The first horse in 2011 to test positive to the West Nile Virus is from Virginia.
The Virginia Department of Agriculture and Consumer Services
(VDACS) today announced the horse was from Berryville/Clarke County.
It had been vaccinated for WNV but was due for a booster in September.
A nasal swab and serum sample was submitted to VDACS' Regional Animal Health Laboratory in Warrenton for suspicion of Equine Herpes Virus infection, but it tested positive for West Nile Virus.
The horse was treated for the virus for 24 hours, but was later euthanized on Aug. 31.
Dr. Joe Garvin, head of VDACS' Office of Laboratory Services, urges horse owners to check with their veterinarians about vaccinating their animals for WNV.
"This is our first case of West Nile Virus in a Virginia horse this
year," Garvin said.
He adds that, so far, Virginia has not had any cases of Eastern Equine Encephalitis (EEE).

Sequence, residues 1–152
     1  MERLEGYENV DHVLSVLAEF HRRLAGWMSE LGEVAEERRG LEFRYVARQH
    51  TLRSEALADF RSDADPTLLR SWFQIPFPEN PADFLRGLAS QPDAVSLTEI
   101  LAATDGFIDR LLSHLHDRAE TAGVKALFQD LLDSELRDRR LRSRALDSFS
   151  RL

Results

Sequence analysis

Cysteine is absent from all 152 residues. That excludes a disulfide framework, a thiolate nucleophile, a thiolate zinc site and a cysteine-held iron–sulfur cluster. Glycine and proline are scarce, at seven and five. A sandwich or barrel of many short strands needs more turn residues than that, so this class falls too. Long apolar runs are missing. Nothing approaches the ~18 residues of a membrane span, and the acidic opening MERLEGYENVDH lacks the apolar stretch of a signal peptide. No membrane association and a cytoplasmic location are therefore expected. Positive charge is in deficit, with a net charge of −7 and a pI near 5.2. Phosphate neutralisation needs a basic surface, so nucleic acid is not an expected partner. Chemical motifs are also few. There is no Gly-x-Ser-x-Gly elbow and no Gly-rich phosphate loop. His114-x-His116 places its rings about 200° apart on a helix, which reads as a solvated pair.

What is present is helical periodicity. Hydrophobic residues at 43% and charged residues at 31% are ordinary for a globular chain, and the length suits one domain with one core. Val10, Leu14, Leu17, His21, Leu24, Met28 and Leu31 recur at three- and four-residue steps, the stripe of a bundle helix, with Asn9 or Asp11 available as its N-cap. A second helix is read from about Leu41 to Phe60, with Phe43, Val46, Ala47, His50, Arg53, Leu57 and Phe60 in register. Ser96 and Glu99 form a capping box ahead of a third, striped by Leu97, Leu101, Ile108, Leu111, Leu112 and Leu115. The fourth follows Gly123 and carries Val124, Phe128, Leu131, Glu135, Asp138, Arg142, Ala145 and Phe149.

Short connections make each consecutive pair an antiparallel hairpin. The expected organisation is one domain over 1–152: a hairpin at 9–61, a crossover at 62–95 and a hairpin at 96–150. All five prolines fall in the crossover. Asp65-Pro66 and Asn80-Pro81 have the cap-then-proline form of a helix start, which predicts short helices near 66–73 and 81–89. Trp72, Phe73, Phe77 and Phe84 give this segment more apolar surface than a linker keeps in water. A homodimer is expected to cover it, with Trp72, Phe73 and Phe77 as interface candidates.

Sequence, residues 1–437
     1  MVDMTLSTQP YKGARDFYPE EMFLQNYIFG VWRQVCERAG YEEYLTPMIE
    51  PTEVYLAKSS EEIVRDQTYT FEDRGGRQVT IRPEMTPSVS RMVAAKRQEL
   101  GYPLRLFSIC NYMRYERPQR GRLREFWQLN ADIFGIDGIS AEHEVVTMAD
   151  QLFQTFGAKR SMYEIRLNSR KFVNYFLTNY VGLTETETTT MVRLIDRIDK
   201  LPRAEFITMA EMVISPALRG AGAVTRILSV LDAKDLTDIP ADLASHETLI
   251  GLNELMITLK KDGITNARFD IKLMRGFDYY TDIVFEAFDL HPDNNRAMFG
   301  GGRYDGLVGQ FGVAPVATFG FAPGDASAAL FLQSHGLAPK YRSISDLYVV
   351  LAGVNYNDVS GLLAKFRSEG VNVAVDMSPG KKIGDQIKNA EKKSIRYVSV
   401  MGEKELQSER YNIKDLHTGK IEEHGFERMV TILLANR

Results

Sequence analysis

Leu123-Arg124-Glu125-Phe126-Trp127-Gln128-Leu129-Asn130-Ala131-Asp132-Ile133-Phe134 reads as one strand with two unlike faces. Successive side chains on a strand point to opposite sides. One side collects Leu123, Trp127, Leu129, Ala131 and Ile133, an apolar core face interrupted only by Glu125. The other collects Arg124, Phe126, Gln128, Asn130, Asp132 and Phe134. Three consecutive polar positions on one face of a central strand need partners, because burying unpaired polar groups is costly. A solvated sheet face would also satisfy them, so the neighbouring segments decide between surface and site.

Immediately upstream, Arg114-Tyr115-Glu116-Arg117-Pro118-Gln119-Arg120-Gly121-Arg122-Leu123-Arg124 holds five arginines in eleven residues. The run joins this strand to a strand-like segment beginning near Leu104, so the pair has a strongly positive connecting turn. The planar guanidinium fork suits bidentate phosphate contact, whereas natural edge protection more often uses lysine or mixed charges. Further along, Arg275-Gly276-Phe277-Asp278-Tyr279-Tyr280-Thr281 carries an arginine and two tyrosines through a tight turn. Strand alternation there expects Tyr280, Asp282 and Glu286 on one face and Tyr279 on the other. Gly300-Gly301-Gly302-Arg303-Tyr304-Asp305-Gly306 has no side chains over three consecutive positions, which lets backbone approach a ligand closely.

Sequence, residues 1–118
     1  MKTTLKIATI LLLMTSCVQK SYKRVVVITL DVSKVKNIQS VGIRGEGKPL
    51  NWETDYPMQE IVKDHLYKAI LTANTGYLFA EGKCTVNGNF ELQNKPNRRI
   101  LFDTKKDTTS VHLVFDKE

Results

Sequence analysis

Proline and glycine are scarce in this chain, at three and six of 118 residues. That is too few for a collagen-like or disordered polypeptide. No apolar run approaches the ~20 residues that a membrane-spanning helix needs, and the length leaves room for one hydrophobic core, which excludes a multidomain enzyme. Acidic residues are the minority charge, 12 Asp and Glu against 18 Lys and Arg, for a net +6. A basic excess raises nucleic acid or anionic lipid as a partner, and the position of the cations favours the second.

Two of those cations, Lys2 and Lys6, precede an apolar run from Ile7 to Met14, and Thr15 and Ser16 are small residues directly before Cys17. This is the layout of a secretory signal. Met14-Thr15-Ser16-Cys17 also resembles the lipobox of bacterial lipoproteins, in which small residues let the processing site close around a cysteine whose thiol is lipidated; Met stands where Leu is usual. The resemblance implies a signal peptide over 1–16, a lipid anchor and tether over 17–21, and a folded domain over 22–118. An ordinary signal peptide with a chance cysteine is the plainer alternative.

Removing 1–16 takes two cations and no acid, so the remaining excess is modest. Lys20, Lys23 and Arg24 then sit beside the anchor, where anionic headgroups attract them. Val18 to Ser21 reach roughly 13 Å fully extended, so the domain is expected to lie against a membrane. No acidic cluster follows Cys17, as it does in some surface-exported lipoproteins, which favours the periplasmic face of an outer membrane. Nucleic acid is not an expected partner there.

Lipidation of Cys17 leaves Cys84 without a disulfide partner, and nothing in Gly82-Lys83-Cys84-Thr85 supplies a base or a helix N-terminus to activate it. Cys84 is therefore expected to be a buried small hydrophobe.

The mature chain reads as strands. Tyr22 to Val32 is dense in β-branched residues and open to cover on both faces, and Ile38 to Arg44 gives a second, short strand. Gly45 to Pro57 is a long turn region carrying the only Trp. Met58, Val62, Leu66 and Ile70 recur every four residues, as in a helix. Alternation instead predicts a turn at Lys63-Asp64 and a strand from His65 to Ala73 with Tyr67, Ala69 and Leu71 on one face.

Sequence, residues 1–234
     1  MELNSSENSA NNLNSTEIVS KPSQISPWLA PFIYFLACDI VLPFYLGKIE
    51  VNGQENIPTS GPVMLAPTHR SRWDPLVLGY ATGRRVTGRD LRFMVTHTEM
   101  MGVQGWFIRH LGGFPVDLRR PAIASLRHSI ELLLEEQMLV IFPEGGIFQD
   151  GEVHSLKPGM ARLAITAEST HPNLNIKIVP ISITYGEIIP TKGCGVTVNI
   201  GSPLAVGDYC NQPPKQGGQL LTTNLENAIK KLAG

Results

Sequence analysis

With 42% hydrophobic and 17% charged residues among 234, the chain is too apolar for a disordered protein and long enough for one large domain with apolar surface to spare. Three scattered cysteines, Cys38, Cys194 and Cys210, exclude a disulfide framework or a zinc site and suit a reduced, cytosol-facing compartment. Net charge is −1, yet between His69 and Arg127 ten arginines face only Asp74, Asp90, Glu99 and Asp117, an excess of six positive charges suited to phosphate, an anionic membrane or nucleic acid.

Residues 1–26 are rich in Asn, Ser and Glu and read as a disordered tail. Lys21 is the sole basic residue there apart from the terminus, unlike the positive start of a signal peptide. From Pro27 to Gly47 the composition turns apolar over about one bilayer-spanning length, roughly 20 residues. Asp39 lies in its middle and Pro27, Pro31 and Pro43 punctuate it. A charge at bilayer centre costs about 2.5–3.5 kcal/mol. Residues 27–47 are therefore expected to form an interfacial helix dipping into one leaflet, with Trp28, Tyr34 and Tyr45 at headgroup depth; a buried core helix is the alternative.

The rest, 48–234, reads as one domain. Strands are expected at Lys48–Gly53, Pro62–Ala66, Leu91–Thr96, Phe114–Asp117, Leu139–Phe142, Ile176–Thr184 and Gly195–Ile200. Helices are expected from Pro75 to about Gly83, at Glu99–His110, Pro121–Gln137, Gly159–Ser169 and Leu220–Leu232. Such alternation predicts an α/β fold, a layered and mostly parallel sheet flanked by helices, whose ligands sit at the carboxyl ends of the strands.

"Both WNV and EEE are mosquito-borne diseases," he said, "and we generally start seeing our first cases in August and September. Since both diseases are preventable by vaccination, it may make sense for horse owners to go ahead and vaccinate now even though it's late in the year. Mosquito season in Virginia can run through November."
Prevention methods besides vaccination include destroying
standing water breeding sites for mosquitoes, use of insect repellents and removing animals from mosquito-infested areas during peak biting times, usually dusk to dawn.
© Copyright 2013 WHSV / Gray Television Group, Inc. All Rights Reserved.